Offer Scope for Employees to Exercise Their Vital Powers

Written by Sean Murphy. Posted in Rules of Thumb, skmurphy

Some post-Thanksgiving musings on my belief that most people want to do a good job. As you grow your startup find ways for everyone involved to work hard, see an impact, and improve.

“Ancient Greeks defined happiness as the exercise of vital powers, along lines of excellence, in a life affording them scope” Edith HamiltonThe Greek Way

I think most people (employees) want

  • to do a good job and prefer to work hard.
  • to see an impact from their labors, ultimately that their firm’s customers to be delighted with their experience of interacting with their firm’s products and service teams.
  • to get better at what they do.

It’s our challenge as entrepreneurs to create the right environment for this.

I don’t think that working hard means

  • Long hours, at least on a regular basis (also see the following for background on why more than 40 hours a week is quickly counter-productive:
  • Having to put up with a lot of bureaucracy and poor management (note: this means you and your decisions or lack of decisions if you are in charge)
    • One thing I am surprised we are not seeing more of is four day work weeks instead of layoffs. My experience with this has been that more gets done if it’s also used as a reason to cut back on unnecessary meetings and other time wasters.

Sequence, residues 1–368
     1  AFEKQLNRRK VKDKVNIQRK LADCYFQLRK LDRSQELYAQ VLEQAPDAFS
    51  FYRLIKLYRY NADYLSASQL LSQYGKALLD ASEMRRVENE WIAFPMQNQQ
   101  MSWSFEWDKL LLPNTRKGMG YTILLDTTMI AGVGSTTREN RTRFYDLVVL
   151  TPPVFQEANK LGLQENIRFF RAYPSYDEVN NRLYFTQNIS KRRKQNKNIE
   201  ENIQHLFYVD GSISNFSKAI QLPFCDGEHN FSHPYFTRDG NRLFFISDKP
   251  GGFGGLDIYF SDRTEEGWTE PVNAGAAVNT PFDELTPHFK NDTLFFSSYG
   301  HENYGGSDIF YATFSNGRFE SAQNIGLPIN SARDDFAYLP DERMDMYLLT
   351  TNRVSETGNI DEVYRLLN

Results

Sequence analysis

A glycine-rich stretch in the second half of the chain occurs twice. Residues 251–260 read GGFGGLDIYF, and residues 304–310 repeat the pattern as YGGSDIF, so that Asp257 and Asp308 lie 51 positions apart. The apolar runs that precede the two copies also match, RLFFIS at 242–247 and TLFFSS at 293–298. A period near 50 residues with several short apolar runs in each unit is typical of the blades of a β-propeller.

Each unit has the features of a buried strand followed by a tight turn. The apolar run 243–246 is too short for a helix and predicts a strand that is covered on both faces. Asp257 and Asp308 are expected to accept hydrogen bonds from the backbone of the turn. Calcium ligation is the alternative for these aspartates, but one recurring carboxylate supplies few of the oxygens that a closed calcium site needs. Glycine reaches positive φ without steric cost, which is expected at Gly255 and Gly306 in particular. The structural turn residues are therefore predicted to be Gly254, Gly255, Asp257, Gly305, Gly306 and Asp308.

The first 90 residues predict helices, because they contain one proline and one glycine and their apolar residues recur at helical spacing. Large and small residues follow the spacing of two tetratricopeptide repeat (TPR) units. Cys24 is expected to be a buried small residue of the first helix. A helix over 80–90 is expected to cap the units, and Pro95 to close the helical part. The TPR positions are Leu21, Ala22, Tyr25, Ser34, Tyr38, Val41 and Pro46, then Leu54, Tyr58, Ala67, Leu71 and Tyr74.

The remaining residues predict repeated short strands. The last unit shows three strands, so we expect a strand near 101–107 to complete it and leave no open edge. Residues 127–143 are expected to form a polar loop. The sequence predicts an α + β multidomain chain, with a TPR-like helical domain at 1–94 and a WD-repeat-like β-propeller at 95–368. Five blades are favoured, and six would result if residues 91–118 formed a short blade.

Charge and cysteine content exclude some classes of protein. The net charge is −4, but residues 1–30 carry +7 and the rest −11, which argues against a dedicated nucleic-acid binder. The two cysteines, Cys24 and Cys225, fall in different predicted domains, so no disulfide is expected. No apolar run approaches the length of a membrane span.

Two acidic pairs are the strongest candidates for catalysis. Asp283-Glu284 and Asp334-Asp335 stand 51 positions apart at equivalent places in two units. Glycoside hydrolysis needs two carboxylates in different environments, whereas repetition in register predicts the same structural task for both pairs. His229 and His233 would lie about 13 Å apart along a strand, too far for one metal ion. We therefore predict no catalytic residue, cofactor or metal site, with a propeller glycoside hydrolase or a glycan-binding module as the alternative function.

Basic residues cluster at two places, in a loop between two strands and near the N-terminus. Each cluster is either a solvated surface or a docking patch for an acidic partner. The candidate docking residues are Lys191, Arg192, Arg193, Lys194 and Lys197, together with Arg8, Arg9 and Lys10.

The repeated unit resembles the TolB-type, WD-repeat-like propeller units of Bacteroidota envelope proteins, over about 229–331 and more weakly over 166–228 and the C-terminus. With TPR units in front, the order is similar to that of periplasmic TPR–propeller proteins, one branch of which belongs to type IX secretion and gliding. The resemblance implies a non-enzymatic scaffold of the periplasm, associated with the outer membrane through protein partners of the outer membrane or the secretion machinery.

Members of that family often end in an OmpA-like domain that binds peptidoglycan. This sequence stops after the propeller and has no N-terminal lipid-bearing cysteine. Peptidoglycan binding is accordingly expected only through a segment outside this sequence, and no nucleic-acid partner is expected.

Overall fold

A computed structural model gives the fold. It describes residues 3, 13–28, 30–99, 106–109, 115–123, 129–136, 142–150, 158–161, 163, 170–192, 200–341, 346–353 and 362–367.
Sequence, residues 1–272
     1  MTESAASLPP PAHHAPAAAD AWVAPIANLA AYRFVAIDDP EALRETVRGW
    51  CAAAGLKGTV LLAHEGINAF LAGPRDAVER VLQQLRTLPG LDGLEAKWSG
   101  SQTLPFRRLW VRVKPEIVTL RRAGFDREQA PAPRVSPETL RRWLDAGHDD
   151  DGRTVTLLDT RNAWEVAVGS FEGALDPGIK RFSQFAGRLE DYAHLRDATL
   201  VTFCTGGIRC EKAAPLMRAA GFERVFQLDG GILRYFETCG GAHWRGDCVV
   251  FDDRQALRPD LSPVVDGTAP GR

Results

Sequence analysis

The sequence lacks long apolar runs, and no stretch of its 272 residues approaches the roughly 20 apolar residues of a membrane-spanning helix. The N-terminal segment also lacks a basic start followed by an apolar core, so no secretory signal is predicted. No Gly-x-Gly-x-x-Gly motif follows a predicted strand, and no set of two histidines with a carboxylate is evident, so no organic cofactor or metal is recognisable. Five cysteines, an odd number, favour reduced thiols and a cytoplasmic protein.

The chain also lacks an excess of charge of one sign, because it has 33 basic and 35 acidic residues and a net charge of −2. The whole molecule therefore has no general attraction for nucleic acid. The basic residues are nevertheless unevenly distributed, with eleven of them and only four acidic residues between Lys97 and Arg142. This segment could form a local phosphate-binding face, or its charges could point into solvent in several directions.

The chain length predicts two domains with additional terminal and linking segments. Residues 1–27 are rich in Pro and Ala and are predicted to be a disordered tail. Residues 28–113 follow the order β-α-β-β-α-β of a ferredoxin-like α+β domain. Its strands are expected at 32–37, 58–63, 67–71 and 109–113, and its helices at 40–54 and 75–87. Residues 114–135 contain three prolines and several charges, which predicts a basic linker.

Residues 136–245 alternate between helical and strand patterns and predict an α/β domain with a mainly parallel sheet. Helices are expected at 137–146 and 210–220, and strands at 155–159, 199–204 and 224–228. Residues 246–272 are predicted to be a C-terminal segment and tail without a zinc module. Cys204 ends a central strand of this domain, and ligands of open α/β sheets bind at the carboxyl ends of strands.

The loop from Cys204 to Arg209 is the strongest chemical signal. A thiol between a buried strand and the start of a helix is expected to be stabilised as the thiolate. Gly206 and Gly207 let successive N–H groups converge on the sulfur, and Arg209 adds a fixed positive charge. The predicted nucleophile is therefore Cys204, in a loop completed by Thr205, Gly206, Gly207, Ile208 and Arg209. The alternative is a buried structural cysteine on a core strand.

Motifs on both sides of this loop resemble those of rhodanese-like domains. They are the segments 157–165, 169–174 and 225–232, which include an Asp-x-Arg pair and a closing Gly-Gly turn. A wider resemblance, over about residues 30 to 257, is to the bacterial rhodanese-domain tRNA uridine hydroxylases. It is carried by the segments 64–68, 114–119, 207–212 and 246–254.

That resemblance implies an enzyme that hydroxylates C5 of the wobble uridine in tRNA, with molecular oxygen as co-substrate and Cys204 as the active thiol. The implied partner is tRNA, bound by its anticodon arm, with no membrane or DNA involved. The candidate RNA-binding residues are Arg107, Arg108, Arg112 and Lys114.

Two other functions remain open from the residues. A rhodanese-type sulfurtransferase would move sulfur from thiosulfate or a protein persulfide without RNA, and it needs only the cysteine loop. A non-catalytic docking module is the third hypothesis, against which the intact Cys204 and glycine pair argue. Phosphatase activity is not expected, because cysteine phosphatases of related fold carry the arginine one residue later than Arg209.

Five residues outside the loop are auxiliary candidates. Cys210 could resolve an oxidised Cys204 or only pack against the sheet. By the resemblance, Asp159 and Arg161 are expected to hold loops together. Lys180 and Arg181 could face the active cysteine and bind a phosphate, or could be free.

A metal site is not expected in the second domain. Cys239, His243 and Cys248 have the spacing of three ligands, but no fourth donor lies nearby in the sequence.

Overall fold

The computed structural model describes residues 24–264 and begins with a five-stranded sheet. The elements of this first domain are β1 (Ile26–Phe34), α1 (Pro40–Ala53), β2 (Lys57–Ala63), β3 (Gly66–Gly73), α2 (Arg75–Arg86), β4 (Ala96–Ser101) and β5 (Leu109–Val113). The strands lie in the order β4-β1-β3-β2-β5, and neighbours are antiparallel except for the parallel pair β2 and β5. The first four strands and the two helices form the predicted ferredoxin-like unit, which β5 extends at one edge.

Seeing an impact means just that. As founders we need to get out of the way and create systems that allow everyone in the company to see what’s happening without having to hear it from you. This does not mean showing any less appreciation for good work, or not actively addressing areas that need improvement. But it does mean establishing dashboards and metrics that allow everyone to help steer.

It’s been my experience that most teams perform up to a set of shared expectations and a “group pace” that a manager can help to set but is ultimately only a part of, not the determining factor (on the up side, on the down side poor management can wreck even a strong team over time). I think the best teams achieve an “Easy Does It” group flow where they are moving reasonably fast but making very very few errors. They may be trying a number of experiments and not having them succeed, but they aren’t creating re-work and ill feeling internally or externally.

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Comments (1)

  • SKMurphy » Quotes For Entrepreneurs - November 2008

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    […] “Ancient Greeks defined happiness as the exercise of vital powers, along lines of excellence, in a life affording them scope” Edith Hamilton in “The Greek Way” (inspired “Offer Scope for Employees to Exercise Their Vital Powers“) […]

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